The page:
Friday, November 14, 2008

October 8th, 2008 1437 GMT
AIG is in better health than most of us as you can see that we are not able to have a retreat that AIG were enjoying not so long ago. Something is definitely wrong with the whole reaction to the current crisis and are we seeing the forest for the tree? by elberty chanty in
compare with October 02, 2008 in Knowledge@Wharton
That was the beginning of the housing price cycle, housing prices going up. So far, so good. You keep going and say okay, now what happened and how far did it go? And we all know it went a very long time. There were a couple of things that were really important, though, that got everybody sort of out of kilter. Usually when these bubbles happen, it's almost always because of the fact that you miss the forest for the trees. And the way this cycle- People missed the forest for the trees. They relied on the rating agencies, the paper coming off was triple-A. Triple-A paper. Think about that. If you're a risk manager and you say, "This is a triple-A piece of paper." And they stress it. How bad can it be? I'm not so sure
too many would say it could go to zero. I can understand it can go down, but there are not too many people in any risk management area that's going to say it's going to go down to zero. So that was the first thing. The second thing that everybody relied on was while this securitization. And this paper was made to satisfy the fixed income demand out there, this paper was distributed wildly. The risk was distributed-- so back a year ago, in July, when all this started, people were pretty relaxed about it. They said, "You know what? This risk, I know there's risk, but it's fully distributed. Each one of us own $3.50 of this, so what's the big deal? We can take the losses, move on."
The other major surprise was that 15 to 20 large financial institutions owned basically all the risk. Now, you know. So the reason why we're here today is, in many ways, the fact that a large group of people missed the forest for the trees. It's not that they weren't managing risk correctly. They were. But how do you think about risk in a triple-A bond? It's very hard to figure out what that is. It's not that they weren't thinking, "Well, you know, I want to make sure these things are priced correctly." They were. But they assumed everything was fully distributed. You make very different assumptions if you thought 15 people owned all the risk. And the net result of all of that is that through everything that happened, the real shock to the financial system was that the banking industry, as a result, did not have enough capital to cover the losses that were coming through.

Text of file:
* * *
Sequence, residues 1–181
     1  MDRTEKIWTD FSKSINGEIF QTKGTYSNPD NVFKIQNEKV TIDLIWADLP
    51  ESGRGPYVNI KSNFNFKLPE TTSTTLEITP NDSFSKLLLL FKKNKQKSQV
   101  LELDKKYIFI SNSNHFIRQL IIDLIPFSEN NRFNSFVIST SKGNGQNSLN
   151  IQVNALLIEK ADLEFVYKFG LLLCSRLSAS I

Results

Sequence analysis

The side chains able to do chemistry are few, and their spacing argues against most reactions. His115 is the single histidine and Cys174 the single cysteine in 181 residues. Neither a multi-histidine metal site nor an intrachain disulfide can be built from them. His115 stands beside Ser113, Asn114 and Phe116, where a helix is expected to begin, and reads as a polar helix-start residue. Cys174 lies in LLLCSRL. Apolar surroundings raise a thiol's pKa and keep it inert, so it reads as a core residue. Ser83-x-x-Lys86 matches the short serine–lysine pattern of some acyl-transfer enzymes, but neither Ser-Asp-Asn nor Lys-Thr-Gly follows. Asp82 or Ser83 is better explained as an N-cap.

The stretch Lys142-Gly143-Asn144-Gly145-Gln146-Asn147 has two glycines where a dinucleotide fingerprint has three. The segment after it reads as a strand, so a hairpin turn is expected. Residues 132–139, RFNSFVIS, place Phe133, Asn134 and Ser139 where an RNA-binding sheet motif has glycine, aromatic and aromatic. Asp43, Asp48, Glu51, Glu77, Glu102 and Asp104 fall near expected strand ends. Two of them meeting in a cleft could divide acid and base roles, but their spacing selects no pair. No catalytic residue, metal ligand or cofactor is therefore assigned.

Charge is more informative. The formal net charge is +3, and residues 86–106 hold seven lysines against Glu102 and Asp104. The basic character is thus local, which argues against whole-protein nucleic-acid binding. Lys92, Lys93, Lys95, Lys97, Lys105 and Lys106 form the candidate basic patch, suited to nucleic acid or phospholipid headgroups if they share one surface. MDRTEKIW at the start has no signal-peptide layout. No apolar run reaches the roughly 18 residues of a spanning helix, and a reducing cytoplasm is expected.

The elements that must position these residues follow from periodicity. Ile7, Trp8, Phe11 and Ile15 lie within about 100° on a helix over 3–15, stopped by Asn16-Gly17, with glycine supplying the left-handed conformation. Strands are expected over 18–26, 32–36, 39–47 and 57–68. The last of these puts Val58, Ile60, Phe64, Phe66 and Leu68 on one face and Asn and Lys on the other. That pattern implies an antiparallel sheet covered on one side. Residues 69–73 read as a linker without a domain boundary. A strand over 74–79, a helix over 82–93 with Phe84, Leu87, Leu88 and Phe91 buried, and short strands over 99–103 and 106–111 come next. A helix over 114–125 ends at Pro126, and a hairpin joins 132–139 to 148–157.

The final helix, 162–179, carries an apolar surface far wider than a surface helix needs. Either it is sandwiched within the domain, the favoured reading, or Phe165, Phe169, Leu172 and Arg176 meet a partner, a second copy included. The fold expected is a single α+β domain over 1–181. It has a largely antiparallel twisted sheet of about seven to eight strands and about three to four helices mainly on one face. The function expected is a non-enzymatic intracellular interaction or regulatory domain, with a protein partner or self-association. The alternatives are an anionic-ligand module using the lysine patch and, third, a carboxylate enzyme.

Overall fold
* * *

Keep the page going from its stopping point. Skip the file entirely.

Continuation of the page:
And the result of that is what you're seeing in the markets today. A lack of lending by banks. It is a mad fervor to say, if I am too overleveraged as a bank, how do I sell assets to de-lever and in that cycle, what happens is that you get to the kind of strains and stresses that occurred over the last couple of weeks, where people say, "Well, you know, if these financial institutions have taken losses and they have to de-lever, I am not so sure I want to own their stock or their bonds. I don't know what the risk profile is." And it creates a little bit of panic.
So that's what happened. Now it was important for me to share that with you. I can do this in sound bites, by the way, very well as well. But you are all students of finance and I wanted you to sort of understand, sort of piece by piece, what came together. I don't know if you're ever going to stop this "forest for trees" problem and I'm not so sure that's an objective, ever. No risk means no business. So the reality is that it's not about removing the risk of having these kind of things happen; it's about trying to find some balance and optimizing and finding a financial system architecture that can help you deal with these things so you don't get to the kind of stages we got to. One thing we all have to keep in mind is that the architecture, the regulatory architecture of the U.S. was set in the first 30 years of the last century and there were changes to it, but not enough. ... Now the principles haven't changed but the technology has changed a lot, and so a big part of what we have to do is re-do the regulatory architecture of the U.S. financial market. And when you think about that, it's going to have to be as comprehensive as it was, following the '20s of the last century and what happened in the '30s -- '33 Act, '34 Act, '35 Act and on and on and on. That's [what] we're headed towards.

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